Don McLain explains that in the fourth phase of the Establishment of Act East Policy continued the element of economic cooperation between two regions. The Act East Policy added the emphasis on defense and strategic, political angles more than its predecessor, the Look East Policy. Act East Policy acts as a catalyst to craft a formidable, forward-looking response, major power-driven policies for external engagement. It builds India’s role as a responsible development partner, capacity builder and security provider. ASEAN Centrality is at the heart of these efforts.
India’s rise is not only the result of structural multipolarity as traditional explanations go, but it deliberately perceived itself as a rising great power. India has the first-hand experience of managing diversity, development and security. This provides India leverage to project itself as a successful model for global leadership, especially in the eastern hemisphere and the developing world. It plays a proactive role as a major stakeholder in international rule-based order.
The geopolitical churning in this order with the decline of US influence in the western pacific and the increasing heft of the China led to convergence of interests between India and Southeast Asia. India established a separate mission to ASEAN in 2015. Also, it has been more vocal about the security issues in South China Sea.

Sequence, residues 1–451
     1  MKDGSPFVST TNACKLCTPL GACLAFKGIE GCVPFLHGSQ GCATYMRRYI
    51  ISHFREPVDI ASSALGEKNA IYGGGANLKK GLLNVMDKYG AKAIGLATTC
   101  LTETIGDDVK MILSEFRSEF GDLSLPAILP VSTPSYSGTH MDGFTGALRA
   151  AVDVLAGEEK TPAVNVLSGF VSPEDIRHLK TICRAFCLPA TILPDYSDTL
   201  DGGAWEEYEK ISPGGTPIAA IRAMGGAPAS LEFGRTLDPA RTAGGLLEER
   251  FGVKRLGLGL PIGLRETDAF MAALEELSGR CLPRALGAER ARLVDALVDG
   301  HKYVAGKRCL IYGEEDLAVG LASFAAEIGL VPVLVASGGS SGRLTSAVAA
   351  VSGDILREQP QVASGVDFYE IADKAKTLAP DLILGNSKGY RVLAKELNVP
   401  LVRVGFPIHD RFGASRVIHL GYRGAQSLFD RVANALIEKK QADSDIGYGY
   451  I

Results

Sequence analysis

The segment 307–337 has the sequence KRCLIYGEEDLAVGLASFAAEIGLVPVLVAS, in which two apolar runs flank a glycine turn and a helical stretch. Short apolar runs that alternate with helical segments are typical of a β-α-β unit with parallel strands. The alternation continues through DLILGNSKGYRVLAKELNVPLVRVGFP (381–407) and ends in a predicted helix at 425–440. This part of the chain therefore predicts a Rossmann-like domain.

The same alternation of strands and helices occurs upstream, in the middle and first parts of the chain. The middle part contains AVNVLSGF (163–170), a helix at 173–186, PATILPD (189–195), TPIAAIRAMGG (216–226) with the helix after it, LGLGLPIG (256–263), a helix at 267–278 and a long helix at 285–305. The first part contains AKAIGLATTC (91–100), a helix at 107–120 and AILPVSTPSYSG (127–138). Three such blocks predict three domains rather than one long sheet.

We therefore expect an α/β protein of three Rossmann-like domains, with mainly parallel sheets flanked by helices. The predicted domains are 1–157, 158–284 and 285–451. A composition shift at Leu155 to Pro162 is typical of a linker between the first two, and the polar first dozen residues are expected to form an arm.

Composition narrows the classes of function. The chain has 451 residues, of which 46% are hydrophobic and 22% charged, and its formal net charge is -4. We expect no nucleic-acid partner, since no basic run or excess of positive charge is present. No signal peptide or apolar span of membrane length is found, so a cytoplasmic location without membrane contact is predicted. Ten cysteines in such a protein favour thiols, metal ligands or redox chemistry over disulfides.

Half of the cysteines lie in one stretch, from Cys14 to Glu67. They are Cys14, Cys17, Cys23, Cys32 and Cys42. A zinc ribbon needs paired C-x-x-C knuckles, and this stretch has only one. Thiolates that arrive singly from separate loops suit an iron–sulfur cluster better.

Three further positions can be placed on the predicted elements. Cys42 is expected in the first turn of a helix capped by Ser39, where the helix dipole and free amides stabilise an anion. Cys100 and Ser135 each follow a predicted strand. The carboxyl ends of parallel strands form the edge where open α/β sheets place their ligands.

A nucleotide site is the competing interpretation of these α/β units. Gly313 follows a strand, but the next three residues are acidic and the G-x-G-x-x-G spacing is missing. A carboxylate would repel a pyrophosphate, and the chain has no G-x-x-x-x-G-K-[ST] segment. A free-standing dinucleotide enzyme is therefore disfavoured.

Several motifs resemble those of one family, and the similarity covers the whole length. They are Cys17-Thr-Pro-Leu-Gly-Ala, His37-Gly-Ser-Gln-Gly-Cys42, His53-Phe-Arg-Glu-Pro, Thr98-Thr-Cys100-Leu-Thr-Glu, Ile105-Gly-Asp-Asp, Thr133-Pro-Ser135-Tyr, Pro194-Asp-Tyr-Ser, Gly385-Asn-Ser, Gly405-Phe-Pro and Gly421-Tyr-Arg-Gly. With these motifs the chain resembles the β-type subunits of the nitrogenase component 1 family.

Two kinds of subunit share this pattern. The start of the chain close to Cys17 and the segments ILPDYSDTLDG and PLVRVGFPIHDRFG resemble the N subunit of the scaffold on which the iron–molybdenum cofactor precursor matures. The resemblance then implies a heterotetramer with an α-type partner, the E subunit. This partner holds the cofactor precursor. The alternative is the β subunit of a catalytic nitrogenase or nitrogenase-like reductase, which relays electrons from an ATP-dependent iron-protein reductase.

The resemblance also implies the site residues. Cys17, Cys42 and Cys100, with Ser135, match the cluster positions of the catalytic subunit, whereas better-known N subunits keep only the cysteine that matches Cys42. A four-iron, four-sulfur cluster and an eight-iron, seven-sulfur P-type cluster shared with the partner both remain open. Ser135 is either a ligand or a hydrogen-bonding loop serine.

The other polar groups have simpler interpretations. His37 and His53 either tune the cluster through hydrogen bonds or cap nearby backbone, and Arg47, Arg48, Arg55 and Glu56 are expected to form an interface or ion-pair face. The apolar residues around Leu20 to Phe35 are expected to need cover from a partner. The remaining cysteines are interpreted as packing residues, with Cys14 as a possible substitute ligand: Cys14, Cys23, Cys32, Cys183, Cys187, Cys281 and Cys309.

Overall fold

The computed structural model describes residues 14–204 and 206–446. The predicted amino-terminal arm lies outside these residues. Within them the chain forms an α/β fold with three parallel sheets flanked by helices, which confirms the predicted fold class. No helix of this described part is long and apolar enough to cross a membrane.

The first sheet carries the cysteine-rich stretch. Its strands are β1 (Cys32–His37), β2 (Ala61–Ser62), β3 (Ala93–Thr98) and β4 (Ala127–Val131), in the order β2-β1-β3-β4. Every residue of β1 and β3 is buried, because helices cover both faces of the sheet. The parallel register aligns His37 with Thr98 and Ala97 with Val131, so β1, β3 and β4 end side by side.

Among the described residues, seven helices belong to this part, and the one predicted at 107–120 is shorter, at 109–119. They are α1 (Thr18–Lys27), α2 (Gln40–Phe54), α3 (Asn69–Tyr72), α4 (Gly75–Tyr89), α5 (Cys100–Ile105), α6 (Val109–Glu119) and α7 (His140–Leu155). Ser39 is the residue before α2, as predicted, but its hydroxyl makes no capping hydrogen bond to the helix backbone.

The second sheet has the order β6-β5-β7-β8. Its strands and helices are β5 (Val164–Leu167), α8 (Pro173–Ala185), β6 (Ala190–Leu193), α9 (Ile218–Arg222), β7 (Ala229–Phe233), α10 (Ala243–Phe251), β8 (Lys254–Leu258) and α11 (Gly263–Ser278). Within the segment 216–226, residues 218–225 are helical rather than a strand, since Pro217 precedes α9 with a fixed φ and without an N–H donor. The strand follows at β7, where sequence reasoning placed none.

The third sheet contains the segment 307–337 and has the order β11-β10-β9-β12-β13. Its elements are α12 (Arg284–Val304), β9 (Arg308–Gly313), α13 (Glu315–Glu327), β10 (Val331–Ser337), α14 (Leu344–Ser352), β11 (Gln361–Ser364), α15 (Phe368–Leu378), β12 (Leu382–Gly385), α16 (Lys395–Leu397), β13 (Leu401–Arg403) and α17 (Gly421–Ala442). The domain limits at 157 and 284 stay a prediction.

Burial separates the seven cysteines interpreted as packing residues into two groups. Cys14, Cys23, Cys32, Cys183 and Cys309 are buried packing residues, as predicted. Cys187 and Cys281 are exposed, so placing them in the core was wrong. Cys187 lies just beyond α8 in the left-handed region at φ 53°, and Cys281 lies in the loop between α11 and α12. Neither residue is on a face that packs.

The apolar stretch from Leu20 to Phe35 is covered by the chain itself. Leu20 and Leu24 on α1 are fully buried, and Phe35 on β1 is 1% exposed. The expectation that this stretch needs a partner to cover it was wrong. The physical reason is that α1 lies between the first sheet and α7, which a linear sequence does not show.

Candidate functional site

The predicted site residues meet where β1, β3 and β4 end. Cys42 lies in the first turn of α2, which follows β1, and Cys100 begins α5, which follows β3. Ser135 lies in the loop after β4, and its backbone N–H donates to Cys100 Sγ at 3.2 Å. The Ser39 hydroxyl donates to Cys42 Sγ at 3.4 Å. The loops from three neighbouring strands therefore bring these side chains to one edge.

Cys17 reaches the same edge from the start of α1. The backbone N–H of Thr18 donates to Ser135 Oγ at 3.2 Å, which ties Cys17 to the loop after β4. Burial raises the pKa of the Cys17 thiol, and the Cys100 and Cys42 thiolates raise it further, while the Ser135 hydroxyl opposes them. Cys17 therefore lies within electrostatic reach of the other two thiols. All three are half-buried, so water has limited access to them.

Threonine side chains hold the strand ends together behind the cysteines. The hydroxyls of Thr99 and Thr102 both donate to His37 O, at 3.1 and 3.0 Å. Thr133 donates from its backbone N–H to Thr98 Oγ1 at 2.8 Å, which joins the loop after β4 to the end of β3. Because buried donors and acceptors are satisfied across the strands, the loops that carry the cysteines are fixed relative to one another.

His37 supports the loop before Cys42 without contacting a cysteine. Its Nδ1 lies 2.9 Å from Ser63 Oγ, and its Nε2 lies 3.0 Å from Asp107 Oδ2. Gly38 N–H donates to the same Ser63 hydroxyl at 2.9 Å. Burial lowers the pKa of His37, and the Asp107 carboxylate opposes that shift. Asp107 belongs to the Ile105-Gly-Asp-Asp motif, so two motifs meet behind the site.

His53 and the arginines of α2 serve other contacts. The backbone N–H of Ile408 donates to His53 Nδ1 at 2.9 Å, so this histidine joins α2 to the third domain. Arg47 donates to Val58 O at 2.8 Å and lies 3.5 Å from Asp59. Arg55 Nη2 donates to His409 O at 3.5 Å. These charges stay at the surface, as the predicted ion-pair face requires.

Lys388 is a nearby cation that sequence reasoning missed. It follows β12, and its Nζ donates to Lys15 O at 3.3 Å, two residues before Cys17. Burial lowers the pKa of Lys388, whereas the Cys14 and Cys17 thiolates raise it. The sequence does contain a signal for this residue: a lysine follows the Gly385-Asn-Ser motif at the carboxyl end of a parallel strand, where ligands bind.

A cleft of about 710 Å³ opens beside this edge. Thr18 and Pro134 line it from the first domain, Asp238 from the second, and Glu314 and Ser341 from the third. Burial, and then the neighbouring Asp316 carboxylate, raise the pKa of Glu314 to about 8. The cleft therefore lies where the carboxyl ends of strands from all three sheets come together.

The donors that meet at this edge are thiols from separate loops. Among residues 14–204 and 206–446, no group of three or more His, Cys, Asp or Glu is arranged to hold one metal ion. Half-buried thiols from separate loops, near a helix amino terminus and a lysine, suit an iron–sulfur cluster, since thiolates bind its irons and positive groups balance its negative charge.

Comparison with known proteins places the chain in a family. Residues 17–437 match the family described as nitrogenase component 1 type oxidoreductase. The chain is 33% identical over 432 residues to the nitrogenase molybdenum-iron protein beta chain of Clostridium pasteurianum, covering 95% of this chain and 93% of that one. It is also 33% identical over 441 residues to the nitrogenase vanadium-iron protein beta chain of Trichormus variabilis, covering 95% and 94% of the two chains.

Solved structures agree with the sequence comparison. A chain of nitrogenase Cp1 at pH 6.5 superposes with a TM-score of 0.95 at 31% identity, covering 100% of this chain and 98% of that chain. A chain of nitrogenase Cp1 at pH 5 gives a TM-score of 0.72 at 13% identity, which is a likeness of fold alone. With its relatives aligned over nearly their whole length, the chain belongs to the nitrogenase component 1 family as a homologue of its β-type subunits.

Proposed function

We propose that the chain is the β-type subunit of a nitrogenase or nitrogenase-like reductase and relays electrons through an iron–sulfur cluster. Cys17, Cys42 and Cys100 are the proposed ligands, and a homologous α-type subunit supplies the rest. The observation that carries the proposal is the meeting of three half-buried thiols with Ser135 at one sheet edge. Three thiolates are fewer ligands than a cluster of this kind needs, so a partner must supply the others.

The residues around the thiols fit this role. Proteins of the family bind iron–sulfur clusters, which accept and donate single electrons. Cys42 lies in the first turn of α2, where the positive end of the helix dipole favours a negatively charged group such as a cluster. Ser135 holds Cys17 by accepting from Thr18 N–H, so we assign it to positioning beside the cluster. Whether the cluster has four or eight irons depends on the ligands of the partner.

In these emerging dynamics, the rise of Indo Pacific framework remains crucial for the foreign policies of both India and Southeast Asian states. The important objective of both is to safeguard their own interests not to fall deeper into the great power binary competition between USA and China.
In this context, the partnership between India and ASEAN was elevated to the Comprehensive Strategic Partnership from Strategic Partnership. Capacity building efforts by India in Vietnam, Myanmar and Philippines has also been increasing. India is seen as very mature and balanced power in ASEAN countries. Increasing maritime drills by Indian Navy around the ASEAN countries are symbolic of the evolving security and strategic relations between the two.
Despite these developments, the State of Southeast Asia Report highlights that public opinion about India remains limited compared to US, Japan and China. Many people believe that India lacks the political will to engage with the region in long term because of its preoccupation with its immediate neighborhood. The regional economic cooperation has also been limited. In coming times, India needs a consistent effort to harness the positive image it has in the region.
Chaitanya is a Research Intern at IMPRI.
Read more session reports from Day 1 of India’s G20 Presidency and Contours of Indian Foreign Policy: